Hart is similarly conservative overall, attempting to claim 21 balls when the model expects he’d have gone for 33, but the distribution of his conservatism is different. In his 19 games he’s faced 20 total balls that the model expects a keeper to claim at least 30% of the time. He’s come for five of them (and was successful four out of five times), when the model predicts a keeper would come on average 9.5% of the time. Over the course of the season Hart has shown to be unable to prevent teams from putting high value crosses right on his doorstep.
Now, let’s zoom out to the team level again, equipped with the knowledge that Hart has a tendency not to come for balls played into areas where many keepers attempt to collect them. Here are all the shots Burnley gave up within 12 yards of the goal with Hart as keeper.
That works out to 5.84 shots per match at a 0.19 xG per shot. Now, let’s look at Heaton.
That works out to 4.42 shots per match and an xG per shot of 0.15. That’s a pretty huge difference, like half an expected goal per match difference. Even if we allow that the difference is probably fairly exaggerated by the level of competition it seems quite clear that when Heaton came back into the side it all of a sudden became harder for Burnley’s opponents to generate shots closer to goal.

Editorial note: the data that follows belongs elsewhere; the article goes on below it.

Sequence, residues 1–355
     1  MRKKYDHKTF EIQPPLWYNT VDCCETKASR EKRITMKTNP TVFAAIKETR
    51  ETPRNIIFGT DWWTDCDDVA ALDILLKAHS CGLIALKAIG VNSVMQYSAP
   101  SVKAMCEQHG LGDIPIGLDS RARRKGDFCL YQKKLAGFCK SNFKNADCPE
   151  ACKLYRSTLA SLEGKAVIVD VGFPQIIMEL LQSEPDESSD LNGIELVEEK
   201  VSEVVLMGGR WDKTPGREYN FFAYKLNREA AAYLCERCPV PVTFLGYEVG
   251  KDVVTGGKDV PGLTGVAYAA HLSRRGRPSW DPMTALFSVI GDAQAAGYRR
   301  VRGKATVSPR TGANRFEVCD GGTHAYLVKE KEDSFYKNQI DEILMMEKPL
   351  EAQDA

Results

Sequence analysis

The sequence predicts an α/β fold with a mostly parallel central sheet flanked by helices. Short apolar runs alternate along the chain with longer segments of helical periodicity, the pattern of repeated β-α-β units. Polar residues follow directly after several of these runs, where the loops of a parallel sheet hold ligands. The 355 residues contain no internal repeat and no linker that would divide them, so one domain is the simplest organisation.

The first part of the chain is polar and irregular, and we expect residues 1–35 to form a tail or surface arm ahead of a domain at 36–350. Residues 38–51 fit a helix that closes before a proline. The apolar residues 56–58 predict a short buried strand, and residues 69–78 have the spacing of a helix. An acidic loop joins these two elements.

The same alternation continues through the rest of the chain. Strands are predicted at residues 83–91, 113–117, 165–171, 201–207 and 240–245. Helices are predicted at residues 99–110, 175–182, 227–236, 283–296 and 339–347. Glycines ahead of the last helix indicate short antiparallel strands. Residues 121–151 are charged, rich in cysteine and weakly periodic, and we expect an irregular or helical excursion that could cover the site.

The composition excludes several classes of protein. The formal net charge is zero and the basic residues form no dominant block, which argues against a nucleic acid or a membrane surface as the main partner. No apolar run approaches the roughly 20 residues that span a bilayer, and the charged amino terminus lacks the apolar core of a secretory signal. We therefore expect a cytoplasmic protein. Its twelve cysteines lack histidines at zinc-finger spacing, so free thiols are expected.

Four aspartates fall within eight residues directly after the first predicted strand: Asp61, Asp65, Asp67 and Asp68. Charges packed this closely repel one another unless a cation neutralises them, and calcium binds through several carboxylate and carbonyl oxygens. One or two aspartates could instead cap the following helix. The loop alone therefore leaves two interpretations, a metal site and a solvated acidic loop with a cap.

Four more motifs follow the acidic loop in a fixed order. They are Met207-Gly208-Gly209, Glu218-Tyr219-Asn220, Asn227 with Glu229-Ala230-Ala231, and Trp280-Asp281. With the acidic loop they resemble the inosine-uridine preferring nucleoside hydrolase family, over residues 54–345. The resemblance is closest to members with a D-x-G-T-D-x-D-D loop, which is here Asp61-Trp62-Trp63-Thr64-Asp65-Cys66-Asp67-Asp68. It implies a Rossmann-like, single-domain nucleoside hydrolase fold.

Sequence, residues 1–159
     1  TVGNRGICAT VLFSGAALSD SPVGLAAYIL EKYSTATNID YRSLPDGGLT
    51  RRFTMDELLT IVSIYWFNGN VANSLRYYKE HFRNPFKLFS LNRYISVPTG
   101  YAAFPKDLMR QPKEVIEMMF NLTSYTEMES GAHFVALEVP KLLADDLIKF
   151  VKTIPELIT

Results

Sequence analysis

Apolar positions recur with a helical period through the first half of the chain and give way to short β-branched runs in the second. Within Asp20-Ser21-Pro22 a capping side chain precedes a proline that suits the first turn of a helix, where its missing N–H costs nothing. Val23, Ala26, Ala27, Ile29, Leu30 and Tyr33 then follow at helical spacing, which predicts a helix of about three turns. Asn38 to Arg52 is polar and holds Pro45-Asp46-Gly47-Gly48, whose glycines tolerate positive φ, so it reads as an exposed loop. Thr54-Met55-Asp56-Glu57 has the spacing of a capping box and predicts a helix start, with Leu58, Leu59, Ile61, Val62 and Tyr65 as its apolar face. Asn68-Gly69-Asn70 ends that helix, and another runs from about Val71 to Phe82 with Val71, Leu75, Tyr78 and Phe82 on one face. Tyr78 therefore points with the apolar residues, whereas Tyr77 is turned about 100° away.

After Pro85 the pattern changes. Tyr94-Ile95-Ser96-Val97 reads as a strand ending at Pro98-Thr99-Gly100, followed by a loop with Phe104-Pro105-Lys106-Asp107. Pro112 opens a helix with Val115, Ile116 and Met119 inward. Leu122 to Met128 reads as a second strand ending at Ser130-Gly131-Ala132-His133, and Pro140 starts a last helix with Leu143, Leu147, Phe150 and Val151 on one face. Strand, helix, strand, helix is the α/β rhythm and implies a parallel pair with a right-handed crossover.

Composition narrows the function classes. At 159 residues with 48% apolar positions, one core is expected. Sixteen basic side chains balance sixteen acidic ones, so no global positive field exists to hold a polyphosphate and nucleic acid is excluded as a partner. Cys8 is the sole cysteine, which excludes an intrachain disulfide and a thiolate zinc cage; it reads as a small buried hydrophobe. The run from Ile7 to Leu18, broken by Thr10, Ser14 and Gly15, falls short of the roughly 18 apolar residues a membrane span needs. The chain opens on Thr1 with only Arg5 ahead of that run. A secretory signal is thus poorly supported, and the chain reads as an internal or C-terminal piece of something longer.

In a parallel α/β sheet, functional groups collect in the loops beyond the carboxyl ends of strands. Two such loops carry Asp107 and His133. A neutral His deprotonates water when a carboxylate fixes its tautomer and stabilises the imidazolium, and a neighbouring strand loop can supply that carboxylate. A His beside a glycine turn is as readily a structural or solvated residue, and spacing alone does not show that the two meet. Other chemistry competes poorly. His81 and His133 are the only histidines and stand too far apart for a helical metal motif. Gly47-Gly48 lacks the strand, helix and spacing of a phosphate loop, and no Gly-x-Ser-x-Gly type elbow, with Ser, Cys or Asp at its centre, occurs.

All this keeper data is new, and because of that it’s always worth remembering that using it is a bit of a high wire act. It’s possible that all this Heaton performance is just dumb luck and he’s come plummeting back to earth. It’s possible that we should look at Hart’s failure to come for crosses as not necessarily indicative of his abilities. It’s possible that Burnley will go back to conceding shots close to goal against tomorrow. None of this is proof. What it is is circumstantial evidence. And boy is there a lot of it.
Burnley’s performances suddenly turned around when they removed Hart from goal and replaced him with Heaton. Their defense suddenly stopped conceding as many chances close to their keeper. Their keepers have dramatically different records both when it comes to stopping shots and when it comes to claiming balls in their area. Put it all together and it makes a powerful case that the reason Burnley’s season has turned around is that Joe Hart is bad and Tom Heaton is good. Keepers, it turns out, might just be important.